That dream became a reality, but after years of gigging in clubs in Yerevan, the Armenian capital, he was ready for a change.

In 2012, he and Gasparyan moved to the UAE, where they played as a duo at various locations, including the Cigar Bar at Jumeirah Zabeel Saray.

“Artur was kind of bored, he wanted a change – a cruise ship, some way out of the country,” says Gasparyan. “I had the option of Dubai, Shanghai or Singapore – and I chose Dubai.”

It wasn’t long before the pair ran into Afif, a 37-year-old veteran of the UAE jazz scene who fled Lebanon, his homeland, in the midst of the 2006 war. If you have a passing interest in the genre, chances are you’ve seen Afif perform live, either leading his own group alongside his brother and bassist Elie, or at the Dubai Jazz Festival, Abu Dhabi Jazz Festival, Womad Abu Dhabi or du World Music Festival.

Afif's career reached a new peak last year with the release of solo album Zourouf, a stunning set of Arabic-tinged, self-penned instrumentals recorded in New York. It ranks among the UAE's top 20 best-selling albums of the past five years.

“I was planning my album for numerous years – before you do a thing, you can’t imagine it, it’s the end of the world,” says Afif of the new release. “But once you’ve done it, you realise you can do it again.”

Having jammed together in various bands, ARS Trio solidified last summer when they travelled to Armenia for a series of gigs. It was while they were there that Time was recorded, in just three days, live and directly onto analogue reel-to-reel tape at the former Soviet state-owned Melodiya studio.

“Everything was done in two or three takes – but usually we chose the first,” says Gasparyan.

The resulting performances capture the raw spirit of adventure – the joy of the musicians playing off one another – and some splendid solos, but things never stray too far from the finger-clicking soul-jazz idiom.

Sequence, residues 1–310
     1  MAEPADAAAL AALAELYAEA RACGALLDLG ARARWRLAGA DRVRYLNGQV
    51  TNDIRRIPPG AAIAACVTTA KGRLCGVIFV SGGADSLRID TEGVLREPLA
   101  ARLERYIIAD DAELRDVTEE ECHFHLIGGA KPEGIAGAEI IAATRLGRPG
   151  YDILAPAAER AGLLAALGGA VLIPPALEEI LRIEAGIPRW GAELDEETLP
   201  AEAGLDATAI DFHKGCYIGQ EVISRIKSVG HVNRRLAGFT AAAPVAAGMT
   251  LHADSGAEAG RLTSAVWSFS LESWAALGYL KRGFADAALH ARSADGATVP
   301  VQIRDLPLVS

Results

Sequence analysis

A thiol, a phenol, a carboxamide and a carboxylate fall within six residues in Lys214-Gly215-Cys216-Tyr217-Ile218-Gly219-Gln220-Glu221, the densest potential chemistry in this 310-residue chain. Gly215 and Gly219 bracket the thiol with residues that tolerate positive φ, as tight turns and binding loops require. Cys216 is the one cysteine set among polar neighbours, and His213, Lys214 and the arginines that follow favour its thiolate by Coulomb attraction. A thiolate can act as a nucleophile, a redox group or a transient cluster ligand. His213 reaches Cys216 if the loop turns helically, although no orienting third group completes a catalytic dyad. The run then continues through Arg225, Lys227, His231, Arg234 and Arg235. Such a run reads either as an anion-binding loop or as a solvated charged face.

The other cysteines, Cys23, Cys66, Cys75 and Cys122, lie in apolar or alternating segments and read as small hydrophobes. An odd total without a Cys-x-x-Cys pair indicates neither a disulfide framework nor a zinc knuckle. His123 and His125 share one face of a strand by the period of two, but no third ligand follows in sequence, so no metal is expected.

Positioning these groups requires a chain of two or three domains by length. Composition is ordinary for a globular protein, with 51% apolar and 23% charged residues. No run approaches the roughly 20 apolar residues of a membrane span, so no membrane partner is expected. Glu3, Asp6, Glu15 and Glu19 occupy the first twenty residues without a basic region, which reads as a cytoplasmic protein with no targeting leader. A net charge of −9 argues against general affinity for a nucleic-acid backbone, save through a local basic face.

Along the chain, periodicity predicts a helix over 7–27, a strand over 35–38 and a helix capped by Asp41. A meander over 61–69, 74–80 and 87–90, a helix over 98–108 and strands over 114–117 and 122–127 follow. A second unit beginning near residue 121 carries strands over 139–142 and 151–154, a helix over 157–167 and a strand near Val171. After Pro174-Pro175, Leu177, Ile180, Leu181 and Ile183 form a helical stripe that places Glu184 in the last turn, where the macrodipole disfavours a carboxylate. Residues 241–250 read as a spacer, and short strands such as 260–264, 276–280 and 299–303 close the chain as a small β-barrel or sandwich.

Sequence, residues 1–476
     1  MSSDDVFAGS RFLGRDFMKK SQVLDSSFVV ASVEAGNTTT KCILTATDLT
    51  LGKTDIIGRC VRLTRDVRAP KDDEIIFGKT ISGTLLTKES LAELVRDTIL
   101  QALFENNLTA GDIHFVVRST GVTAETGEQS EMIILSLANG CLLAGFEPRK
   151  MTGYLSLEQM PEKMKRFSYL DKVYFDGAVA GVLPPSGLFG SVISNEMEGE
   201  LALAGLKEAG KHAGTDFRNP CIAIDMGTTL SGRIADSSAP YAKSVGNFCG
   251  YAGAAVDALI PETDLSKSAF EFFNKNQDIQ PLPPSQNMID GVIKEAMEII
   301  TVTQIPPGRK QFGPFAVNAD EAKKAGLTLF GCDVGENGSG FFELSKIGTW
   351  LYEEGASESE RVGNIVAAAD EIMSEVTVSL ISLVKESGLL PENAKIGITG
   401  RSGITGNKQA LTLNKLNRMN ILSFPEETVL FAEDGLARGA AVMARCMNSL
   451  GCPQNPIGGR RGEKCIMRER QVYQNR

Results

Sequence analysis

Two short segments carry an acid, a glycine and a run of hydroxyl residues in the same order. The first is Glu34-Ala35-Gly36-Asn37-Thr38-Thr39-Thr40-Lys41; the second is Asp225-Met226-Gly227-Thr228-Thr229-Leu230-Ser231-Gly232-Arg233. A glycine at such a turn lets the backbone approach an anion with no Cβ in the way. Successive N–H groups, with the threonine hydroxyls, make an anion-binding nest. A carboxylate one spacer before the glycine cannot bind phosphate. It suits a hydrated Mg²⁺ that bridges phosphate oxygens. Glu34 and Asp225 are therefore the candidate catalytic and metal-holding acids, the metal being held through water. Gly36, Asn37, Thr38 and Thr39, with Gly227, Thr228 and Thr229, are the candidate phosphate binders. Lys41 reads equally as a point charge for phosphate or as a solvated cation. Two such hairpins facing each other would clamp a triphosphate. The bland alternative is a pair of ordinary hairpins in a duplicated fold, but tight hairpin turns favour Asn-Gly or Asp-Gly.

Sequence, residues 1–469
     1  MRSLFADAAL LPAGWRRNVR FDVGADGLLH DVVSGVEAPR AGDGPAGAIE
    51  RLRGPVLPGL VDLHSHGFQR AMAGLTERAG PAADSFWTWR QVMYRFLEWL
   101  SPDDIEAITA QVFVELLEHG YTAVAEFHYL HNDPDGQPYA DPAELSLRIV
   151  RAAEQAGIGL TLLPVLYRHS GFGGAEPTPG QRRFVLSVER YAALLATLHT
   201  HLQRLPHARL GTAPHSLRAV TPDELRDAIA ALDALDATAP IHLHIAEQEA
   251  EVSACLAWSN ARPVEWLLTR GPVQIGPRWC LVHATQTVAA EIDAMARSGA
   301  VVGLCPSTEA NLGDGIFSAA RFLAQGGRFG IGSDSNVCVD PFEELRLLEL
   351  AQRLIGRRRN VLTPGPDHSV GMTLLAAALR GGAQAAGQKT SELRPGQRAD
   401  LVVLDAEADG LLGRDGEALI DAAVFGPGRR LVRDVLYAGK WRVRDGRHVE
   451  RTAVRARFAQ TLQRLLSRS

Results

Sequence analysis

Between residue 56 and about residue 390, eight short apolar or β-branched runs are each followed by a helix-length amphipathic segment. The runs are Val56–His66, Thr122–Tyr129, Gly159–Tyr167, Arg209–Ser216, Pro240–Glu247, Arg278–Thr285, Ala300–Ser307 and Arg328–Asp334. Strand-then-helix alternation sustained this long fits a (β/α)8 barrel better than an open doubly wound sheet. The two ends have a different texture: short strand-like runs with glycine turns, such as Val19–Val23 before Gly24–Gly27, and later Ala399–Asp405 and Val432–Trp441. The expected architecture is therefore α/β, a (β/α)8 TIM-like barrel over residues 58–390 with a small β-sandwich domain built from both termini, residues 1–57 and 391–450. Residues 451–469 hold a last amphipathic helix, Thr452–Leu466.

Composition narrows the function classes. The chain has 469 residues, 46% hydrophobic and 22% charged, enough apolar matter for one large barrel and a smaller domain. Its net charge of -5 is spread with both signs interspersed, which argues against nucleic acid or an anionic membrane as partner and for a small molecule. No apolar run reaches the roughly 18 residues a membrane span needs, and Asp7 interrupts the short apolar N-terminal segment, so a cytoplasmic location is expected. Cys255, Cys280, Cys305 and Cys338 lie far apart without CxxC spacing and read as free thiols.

“It’s experimental, but not that experimental,” says Afif. “We still have our feet on the ground but there’s a lot of space for us to do stuff we don’t usually get to do.”

When, during a similar tour this summer, gigs in neighbouring Georgia were cancelled due to sudden floods, the band returned to the studio and laid down another album’s worth of material in a single day.

Before that sees the light of day, however, the trio want the world to find out about Time, with festival dates in Europe and North America in the works.

Closer to home, the band plan to debut the music from Time regionally at a future edition of For the Love of Jazz, a new monthly jazz night Afif will launch at Dubai's Blue Bar on Saturday, August 29. Alongside, of course, all the other corporate and bar gigs the life of a professional musician demands.

“For me, jazz is a personal thing – you don’t choose the music, it chooses you,” says Afif. “And once that mode of expression is in your hands, you can’t stop. You do all the other stuff to support it.”

Find out more about ARS Trio and listen to their music at and